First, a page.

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1 Author(s)
Rabaey, J.M. ; Univ. of California at Berkeley, Berkeley, CA, USA

Summary form only given. Electrical engineers have learned how to build amazingly complex systems by assembling transistors, wires, and passive components into intricate networks. While solidly founded in semiconductor physics, pure engineering has made possible the design of multi-billion transistor chips in a repetitive, reliable and cost-effective way. A comprehensive "design methodology" was developed based on modularization, hierarchy and abstraction. Today this story is repeating itself. Physicists, chemists and biologists are exploring entirely different components such as molecules, atoms, and enzymes. Systems built from those will most probably impact our lives and society in a profound way. Outcomes will influence the ways we build mechanical structures, do computing, make drugs, generate energy and take care of our environment. Yet, while the basic components are dramatically different from our silicon devices, the basic strategy for building very complex systems from them remains unchanged. The art of design, as was developed in the silicon era, is just as applicable to these nano- or bio-constructions. Design methodology is a legacy that will live long after Moore's law has come to a halt. To quote the late Richard Newton, "The Future is BDA (Bio Design Automation) ".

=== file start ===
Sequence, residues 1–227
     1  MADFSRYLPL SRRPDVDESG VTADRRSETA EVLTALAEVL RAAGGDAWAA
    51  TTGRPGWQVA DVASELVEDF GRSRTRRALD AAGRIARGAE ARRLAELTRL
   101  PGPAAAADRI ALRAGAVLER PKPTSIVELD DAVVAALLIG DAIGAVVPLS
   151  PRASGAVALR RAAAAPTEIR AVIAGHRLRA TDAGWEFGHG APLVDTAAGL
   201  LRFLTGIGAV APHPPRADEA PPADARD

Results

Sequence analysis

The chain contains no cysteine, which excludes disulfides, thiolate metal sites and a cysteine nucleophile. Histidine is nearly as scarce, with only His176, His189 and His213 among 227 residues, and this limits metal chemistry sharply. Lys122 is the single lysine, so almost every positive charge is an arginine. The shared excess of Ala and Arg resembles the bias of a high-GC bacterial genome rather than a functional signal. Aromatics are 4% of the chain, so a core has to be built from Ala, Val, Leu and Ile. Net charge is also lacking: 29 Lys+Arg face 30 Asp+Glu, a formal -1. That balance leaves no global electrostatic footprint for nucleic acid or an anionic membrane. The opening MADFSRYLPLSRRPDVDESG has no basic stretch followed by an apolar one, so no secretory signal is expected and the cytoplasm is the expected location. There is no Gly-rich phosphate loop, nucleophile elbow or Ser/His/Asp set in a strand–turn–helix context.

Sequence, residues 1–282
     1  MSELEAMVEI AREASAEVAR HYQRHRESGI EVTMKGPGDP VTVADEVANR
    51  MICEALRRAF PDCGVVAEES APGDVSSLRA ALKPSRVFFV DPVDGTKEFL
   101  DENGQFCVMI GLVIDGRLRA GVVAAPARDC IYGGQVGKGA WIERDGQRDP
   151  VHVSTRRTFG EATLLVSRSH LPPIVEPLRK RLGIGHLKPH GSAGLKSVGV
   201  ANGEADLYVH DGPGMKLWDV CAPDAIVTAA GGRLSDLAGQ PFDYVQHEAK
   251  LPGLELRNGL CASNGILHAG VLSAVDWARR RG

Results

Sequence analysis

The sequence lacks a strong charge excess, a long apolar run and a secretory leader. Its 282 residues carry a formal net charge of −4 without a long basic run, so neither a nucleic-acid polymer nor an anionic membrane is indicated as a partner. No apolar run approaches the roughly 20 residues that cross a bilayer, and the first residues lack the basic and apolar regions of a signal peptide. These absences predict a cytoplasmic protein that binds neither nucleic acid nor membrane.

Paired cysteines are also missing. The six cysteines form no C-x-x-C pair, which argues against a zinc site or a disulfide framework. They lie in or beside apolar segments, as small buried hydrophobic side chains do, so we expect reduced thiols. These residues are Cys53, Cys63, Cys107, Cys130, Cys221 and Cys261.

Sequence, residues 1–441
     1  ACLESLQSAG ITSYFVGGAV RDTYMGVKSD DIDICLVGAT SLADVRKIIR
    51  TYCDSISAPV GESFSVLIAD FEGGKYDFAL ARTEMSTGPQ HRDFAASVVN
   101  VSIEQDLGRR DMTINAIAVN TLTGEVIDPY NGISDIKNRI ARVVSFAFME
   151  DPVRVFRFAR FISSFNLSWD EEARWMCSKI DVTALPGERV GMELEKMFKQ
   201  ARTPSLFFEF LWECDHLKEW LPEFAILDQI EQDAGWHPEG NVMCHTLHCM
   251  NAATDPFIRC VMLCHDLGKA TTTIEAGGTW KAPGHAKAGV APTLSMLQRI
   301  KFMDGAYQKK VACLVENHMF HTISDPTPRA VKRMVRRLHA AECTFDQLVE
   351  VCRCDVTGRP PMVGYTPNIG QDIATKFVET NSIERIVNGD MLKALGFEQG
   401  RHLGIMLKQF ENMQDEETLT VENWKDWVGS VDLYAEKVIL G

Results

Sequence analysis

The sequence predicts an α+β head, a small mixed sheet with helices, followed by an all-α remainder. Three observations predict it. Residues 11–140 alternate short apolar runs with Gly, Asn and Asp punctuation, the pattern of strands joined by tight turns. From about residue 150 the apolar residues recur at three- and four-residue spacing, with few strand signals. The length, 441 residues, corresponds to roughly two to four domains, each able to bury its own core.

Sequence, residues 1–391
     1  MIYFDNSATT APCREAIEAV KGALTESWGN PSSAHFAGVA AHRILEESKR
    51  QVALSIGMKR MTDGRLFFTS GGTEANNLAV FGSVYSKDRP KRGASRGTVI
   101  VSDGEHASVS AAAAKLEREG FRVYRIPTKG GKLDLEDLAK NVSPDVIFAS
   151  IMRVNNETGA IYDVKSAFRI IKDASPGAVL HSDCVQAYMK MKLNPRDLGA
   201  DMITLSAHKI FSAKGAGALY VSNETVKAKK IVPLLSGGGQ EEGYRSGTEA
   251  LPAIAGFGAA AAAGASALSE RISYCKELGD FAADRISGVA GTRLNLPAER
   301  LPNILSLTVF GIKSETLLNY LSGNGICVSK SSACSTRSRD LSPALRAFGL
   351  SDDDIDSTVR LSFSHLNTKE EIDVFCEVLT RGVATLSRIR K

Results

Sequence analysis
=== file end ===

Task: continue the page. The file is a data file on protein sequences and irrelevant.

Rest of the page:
Published in:

Digital System Design Architectures, Methods and Tools, 2007. DSD 2007. 10th Euromicro Conference on

Date of Conference:

29-31 Aug. 2007

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